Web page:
January 10, 2020 Caitlin Rees

Viewing habits

It’s no revelation that men’s sport typically gets better attendance and viewership than women’s sport, often driven by high levels of male participation. Conversely, you might expect women to be the biggest advocates of women’s sport. But this isn’t the case. Women watching women’s sport, like women’s participation in sport, is notably low compared to men’s across the majority of sports. Our research found that

  1. 25% of women claimed to watch some of the 2019 women’s football world cup compared to 48% of men
  2. Overall, men over-index on watching the majority of women’s sports compared to women as detailed on the chart below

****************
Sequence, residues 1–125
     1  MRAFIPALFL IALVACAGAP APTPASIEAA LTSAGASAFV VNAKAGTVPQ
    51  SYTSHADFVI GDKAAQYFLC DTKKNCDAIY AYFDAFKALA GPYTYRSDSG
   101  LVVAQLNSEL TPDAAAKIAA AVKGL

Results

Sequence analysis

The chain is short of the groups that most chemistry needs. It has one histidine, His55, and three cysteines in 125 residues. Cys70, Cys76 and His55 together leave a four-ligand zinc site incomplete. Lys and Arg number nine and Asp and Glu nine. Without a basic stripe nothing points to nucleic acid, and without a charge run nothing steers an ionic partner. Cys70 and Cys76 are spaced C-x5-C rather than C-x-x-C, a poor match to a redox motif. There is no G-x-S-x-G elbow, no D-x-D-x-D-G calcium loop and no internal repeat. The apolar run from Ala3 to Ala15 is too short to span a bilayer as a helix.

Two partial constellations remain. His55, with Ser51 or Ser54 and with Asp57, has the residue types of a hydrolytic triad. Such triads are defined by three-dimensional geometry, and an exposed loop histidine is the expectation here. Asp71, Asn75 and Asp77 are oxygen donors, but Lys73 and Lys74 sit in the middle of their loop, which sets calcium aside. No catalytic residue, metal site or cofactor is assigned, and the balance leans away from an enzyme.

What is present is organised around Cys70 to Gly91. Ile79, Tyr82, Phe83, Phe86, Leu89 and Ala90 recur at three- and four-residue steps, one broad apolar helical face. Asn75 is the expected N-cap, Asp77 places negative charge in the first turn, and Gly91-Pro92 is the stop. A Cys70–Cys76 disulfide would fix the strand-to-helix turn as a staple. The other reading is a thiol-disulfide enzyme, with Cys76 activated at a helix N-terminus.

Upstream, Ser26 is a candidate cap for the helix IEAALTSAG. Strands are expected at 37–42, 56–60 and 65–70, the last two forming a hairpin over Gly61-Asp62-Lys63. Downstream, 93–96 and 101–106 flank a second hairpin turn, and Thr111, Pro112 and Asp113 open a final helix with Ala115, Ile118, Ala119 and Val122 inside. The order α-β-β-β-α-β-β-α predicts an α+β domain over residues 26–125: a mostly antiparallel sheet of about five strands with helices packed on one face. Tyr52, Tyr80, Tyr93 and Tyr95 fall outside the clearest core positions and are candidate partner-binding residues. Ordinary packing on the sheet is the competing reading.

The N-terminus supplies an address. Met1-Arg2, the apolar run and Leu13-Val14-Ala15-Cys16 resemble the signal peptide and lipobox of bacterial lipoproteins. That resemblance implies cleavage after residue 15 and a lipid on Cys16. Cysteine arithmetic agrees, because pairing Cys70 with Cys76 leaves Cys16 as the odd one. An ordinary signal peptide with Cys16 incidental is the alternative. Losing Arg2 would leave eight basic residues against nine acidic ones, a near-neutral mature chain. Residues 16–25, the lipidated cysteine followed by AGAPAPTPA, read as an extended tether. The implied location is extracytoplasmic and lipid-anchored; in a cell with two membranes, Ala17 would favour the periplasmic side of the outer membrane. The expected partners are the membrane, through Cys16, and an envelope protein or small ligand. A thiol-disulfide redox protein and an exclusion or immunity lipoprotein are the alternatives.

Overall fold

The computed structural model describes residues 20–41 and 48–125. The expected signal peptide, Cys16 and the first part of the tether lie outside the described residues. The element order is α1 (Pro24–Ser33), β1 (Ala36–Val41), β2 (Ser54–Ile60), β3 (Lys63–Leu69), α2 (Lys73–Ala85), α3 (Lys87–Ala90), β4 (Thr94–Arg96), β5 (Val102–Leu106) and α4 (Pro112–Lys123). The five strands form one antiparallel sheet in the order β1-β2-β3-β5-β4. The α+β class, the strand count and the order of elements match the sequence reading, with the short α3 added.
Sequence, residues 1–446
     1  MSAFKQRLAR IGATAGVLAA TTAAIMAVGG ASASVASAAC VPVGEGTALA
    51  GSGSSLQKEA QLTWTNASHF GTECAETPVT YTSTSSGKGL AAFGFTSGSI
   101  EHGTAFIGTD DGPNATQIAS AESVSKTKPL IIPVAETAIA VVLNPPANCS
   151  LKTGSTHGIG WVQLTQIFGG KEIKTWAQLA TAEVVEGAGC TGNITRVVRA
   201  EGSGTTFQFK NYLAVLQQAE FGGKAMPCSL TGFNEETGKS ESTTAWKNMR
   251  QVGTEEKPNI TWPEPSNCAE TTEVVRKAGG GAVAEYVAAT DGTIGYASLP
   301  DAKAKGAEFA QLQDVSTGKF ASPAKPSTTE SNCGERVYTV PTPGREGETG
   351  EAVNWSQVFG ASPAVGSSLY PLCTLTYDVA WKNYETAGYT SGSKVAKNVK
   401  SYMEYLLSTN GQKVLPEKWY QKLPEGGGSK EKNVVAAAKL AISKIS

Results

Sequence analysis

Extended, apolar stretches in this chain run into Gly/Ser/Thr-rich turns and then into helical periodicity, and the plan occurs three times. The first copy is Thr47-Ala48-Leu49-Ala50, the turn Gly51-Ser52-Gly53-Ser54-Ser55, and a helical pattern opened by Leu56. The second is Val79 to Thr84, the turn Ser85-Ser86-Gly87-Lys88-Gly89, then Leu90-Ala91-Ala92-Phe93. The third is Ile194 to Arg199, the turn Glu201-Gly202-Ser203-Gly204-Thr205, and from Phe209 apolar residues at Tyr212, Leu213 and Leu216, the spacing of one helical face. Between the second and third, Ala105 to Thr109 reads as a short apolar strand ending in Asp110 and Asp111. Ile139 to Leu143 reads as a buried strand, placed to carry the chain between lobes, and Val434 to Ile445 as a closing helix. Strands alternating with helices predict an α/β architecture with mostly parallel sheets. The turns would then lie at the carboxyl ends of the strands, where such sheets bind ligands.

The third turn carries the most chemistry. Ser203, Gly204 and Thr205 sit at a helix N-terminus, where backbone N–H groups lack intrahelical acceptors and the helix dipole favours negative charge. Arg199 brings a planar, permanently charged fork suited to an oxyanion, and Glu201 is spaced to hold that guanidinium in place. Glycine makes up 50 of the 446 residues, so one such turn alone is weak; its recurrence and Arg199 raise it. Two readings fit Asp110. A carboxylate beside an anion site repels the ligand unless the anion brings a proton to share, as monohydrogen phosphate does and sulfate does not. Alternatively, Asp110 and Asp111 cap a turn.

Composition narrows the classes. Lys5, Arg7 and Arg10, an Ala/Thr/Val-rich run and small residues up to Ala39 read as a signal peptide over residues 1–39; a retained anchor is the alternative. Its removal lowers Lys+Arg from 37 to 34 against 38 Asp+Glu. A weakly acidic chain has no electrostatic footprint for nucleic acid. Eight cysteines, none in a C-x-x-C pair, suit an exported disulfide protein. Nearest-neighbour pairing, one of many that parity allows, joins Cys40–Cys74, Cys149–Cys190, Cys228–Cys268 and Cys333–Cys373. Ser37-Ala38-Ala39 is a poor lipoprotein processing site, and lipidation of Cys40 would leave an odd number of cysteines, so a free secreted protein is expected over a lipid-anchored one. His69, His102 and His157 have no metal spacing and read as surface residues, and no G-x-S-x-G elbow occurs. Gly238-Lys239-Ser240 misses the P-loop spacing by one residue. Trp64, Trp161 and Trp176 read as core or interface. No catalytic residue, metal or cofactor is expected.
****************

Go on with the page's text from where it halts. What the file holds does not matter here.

When you take into account that women have been predominately excluded from sport until relatively recently, the stats aren’t that surprising.

  • Women only started competing in the Olympics around 1900. In the 1904 St Louis Olympics only 12 of the 1066 athletes were female and they were only allowed to participate in ‘feminine’ sports.
  • The FA banned women’s football up until the late 1960’s describing female participation in football as ‘unsuitable’.

Sport has traditionally been a male dominated industry, defined, organised and promoted by men for men. Women’s sport has seen tremendous growth over the last few years, but women continue to face big obstacles.

Populus explores why more women aren’t watching women’s sport and what hinders their participation in sport today. In addition, we investigate how we can attract a wider audience of women and what opportunities this presents for clubs, governing bodies and brands today.

 

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